Pros and cons of stop loss orders

A two-sided article written by Alex Foster and The White Coat Investor taking opposing views on the usage of stop loss orders.

Alex takes the pro-stop loss side, concluding:

Investing is a balance act of risks and rewards. Investors can reduce downside risks while maintaining the potential for rewards available by using a trailing stop ladder. The benefits of using a trailing stop ladder outweigh the negatives. While laddering out of a position with staggered trailing stops does not eliminate risks, it does reduce the size of losses significantly during a bear market.

On the other side, The White Coat Investor cites six reasons he doesn’t sue stop loss orders:

additional costs

additional taxes

additional complexity

stop loss orders are a form of market timing

beware of getting whipsawed

watch out for gapping

Alex includes a final rebuttal addressing each of the arguments. A big part of of the decision comes down to how active and disciplined you can be with your investing. If you truly believe in your investments for the long-term, there’s no need to bother. If you’re looking short-term and/or willing and capable of trading in-and-out on a consistent basis yet don’t want to watch the market all day, stop losses can be used effectively.

Read more atĀ Stop Loss Orders – Pro/Con Series at The White Coat Investor.

Findings from 3 research papers on stop losses

From a 2015 post at Quant Investing, a look at 3 research papers on the use of stop losses.

Study 1: When do stop loss rules stop losses?

What they also found was that the stop-out periods were relatively evenly spread over the 54 year period they tested. This shows you that the stop-loss was not just triggered by a small number of large market movements (crashes).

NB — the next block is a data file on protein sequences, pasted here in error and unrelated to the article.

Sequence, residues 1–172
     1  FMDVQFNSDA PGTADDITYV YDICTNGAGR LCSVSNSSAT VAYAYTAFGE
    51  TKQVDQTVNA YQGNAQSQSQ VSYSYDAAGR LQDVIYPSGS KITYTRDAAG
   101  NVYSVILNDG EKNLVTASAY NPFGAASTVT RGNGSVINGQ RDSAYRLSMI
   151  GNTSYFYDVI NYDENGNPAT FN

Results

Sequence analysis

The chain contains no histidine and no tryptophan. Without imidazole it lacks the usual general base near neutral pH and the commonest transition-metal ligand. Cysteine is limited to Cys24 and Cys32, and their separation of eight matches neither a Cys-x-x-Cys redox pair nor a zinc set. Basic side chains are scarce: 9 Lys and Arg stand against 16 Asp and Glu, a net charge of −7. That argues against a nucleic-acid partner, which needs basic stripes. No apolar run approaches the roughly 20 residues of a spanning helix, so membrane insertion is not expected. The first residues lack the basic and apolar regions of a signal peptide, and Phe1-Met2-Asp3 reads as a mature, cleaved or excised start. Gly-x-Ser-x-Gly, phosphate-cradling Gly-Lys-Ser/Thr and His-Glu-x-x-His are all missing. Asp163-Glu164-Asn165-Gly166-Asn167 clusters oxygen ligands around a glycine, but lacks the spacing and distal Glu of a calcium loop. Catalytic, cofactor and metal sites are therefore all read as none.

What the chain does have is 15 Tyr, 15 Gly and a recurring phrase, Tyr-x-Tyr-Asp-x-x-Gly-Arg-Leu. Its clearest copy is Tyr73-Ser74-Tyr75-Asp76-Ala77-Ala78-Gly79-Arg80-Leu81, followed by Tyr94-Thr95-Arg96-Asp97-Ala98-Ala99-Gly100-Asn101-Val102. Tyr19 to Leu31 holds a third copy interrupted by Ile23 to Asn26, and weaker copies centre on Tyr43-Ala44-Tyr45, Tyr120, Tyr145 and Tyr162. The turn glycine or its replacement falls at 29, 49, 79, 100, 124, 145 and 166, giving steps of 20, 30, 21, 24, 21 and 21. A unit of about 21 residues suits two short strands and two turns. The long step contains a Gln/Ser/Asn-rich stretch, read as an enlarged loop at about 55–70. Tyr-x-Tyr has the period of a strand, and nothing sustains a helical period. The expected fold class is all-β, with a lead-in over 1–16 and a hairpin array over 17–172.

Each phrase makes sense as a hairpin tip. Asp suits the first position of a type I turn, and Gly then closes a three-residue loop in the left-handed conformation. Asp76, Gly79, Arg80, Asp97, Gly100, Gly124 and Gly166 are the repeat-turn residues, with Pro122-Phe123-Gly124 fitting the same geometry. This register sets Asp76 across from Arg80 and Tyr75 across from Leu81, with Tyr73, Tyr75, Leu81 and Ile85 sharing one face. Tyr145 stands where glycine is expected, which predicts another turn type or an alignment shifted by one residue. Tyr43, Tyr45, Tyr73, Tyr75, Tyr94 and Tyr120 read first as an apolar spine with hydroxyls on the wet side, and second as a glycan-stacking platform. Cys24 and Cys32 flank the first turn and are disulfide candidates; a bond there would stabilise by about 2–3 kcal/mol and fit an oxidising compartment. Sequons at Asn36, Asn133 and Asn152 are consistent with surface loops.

Study 2: Stop Losses, Trailing, and Buy & Hold compared

Trailing better than traditional
Only at the 5% and 10% loss levels did the traditional stop-loss perform better than the trailing stop-loss. At all other loss levels the trailing stop loss out performed, most notably at the 20% loss level where it performed 27.47% better over the 11 year period.

Study 3: Stop Losses in Momentum Investing

The stop-loss momentum strategy also completely avoided the crash risks of the original momentum strategy as the following table convincingly shows.

Click image to enlarge

NoteĀ that if you followed a stop loss strategy you would have made a small profit when the momentum only strategy lost nearly 50% and 40%.

The studies actually convinced the author to change is opinion on stop losses:

This has been a rather long article to come to a very clear and simple conclusion: Stop-loss strategies work

As you have seen:

  • When applied to a 54 year period a simple stop-loss strategy provided higher returns while at the same time lowering losses substantially
  • A trailing stop loss is better than a traditional (loss from purchase price) stop-loss strategy
  • The best trailing stop-loss percentage to use is either 15% or 20%
  • If you use a pure momentum strategy a stop loss strategy can help you to completely avoid market crashes, and even earn you a small profit while the market loses 50%
  • Stop-loss strategies lowers wild down movements in the value of your portfolio, substantially increasing your risk adjusted returns

via Truths about stop-losses that nobody wants to believe at Quant Investing for Value, Momentum, Quality and Growth stocks